“I was a cop, a driver.”

That settles it: the even-numbered Mad Max movies are brilliant and the odd-numbered are just alright. This was mostly a time-wasting attempt to turn Mad Max into a trilogy. I had pretty decent memories of this from watching it on cable in the 1980’s, back when I didn’t know the rules of franchises and licensed properties and believed that all crossovers were possible, imagining Indiana Jones: Beyond Thunderdome, or Care Bears: Beyond Thunderdome. Two bears enter, one bear leaves.

Max is introduced as The Man With No Name, tying him to Eastwood’s trilogy about a loner character who keeps getting in the middle of other groups’ fights. The gyrocaptain returns, making him the only character (not the only actor) besides Max to appear in multiple movies. Over the closing credits I thought “We Don’t Need Another Hero” wasn’t as great a song as I remembered, but then it got stuck in my head for days.

The language is great anyway, with references to the pocky-clipse. But the movie’s a mess – it’s the one in this series where I least understood the characters and the stakes. Bartertown ruler Tina Turner and thunderdome champ Master Blaster are villains… or are they? I liked Master Blaster – The Mighty as a warrior. The tiny Master was Angelo Rossitto (in movies since the 1920’s) and Blaster was Paul Larsson (billed just under John Larroquette in Altered States). The action scenes were still believable, and very well filmed.

Thunderdome MC spinning the wheel of fate:

Max’s death sentence, before being rescued by the tribe of children:

If true, IMDB trivia comes in handy for once:

George Miller lost interest in the project after his friend and producer Byron Kennedy was killed in a helicopter crash while location scouting. That may explain why Miller only handled the action scenes while George Ogilvie handled the rest. The film is dedicated to Byron Kennedy.

NxNW-reminiscent finale:

Opens by telling us that yes, the first movie took place after the Oil Wars, and now we’re in the post-apocalyptic future wasteland, and I appreciate them clearing that up. I’m still not convinced that Max is all that mad, not even in the fourth movie. Gibson seemed madder in Lethal Weapon. That said, the climactic road race is pretty damned mad.

Max w/ flamethrower:

These details aside, this movie is electrifying, with an expert mix of intensity and absurdity. Setting the pattern for parts 3 and 4, Max is out in the desert minding his own business and looking for fuel when he stumbles into a situation where people are being oppressed by an evil authority. Max doesn’t set out to save them because he’s a noble hero – it’s in his own self-interest. Max doesn’t even make friends with the gyrocopter pilot who leads him to the oil town (Bruce Spence, later a Dark City alien), keeps him chained up until needed.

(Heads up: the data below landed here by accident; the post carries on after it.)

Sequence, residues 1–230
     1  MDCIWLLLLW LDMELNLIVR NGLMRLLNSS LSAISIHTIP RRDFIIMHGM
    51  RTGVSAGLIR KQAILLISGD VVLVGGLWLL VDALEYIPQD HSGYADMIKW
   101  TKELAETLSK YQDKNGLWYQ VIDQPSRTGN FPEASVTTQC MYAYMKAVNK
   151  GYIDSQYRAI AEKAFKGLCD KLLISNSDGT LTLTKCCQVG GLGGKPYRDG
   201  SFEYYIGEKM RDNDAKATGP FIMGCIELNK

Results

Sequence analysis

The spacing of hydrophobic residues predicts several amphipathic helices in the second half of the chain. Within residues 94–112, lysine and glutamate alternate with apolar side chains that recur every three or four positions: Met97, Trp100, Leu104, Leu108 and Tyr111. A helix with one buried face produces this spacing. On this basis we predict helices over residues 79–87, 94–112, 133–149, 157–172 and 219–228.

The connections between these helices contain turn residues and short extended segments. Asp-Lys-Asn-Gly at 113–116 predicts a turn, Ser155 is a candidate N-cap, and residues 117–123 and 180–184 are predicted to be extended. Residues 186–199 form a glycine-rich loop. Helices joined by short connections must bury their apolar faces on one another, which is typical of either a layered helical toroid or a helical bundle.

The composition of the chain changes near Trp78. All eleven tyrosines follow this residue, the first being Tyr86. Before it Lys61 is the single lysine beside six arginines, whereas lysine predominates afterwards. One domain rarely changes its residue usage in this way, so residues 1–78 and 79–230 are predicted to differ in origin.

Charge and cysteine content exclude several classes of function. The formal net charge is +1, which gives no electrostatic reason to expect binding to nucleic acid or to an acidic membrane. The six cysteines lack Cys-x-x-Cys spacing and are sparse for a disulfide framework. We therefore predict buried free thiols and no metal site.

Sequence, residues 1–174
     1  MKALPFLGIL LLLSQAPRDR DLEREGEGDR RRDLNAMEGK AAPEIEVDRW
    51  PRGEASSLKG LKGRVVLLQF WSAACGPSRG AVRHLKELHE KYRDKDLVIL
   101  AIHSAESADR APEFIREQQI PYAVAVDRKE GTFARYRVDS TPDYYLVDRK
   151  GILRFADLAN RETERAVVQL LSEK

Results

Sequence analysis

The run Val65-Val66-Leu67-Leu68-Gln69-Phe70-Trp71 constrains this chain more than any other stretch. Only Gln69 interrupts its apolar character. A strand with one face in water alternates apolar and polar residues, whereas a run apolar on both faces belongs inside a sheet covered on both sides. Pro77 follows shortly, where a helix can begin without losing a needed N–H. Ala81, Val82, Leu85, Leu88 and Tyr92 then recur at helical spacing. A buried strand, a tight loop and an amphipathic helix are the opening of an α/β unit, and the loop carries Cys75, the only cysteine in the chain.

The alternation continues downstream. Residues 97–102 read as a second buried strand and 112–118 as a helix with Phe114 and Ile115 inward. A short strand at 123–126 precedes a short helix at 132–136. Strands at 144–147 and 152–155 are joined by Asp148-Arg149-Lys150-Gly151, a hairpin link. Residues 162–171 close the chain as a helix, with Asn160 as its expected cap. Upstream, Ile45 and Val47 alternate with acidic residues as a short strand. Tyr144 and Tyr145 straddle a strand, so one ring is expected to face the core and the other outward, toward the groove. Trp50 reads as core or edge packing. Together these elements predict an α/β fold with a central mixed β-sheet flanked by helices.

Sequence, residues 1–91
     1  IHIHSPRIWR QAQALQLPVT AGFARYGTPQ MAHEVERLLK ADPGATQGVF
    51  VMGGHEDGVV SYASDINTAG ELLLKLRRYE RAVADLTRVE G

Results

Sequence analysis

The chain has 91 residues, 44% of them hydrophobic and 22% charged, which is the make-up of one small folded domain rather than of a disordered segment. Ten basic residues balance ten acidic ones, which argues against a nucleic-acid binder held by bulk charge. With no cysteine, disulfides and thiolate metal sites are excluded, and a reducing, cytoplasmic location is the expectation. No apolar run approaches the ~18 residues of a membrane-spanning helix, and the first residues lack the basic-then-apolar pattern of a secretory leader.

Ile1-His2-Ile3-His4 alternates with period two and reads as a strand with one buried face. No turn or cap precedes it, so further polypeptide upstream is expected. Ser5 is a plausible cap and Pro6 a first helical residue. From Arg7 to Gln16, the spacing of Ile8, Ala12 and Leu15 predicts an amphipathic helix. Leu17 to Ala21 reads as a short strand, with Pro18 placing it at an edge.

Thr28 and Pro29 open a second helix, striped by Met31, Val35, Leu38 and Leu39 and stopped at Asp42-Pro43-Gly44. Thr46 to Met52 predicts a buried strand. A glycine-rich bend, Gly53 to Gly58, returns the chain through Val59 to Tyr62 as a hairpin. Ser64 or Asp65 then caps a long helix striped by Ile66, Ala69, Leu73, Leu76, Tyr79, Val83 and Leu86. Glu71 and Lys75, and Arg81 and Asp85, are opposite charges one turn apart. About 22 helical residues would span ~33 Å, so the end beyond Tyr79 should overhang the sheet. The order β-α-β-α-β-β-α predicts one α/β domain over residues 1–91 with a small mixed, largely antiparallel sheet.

Gyrocaptain and snake friend:

Max has a cool dog, who comes to a predictably bad end:

Villains: hockey-masked sharpshooter Lord Humungus and his rage-filled biker enforcer Wez (Vernon Wells, villain of Commando and Innerspace), who is excellent. Also really good is the eight-year-old boomerang moppet – but not good enough to justify the proliferation of kids in part three.

Wez – there are no bad shots of this guy:

Some advanced Babe-foreshadowing via pigs, like when Dekker put a message from the Monster Squad in Night of the Creeps. I didn’t realize when watching this that Thunderdome would be absolutely full of pigs.

Virginia Hey, later a blue-skinned alien in Farscape:

Toadie reminds me of Dennis Hopper in Waterworld:

“I’m the (k)night rider. The toe cutter, he knows who I am!”

I was immediately impressed with the character names, but also confused by the movie. Max is a cop, and yes his police station looks awfully run down, but it’s not some Tom Petty wasteland future – it’s all pretty much how I assume Australia looked in 1979. So maybe the apocalypse happens before part two, and that’s when Max becomes Mad. He gets pretty close to Mad in this one – give an awesomely dangerous guy a “Raindrops Keep Falling On My Head” montage showing how much he loves his precious family, and guess what’s gonna happen to that family – but I wouldn’t call his murder-revenge spree against the biker gang that killed his family and his partner and broke his arm a permanent madness.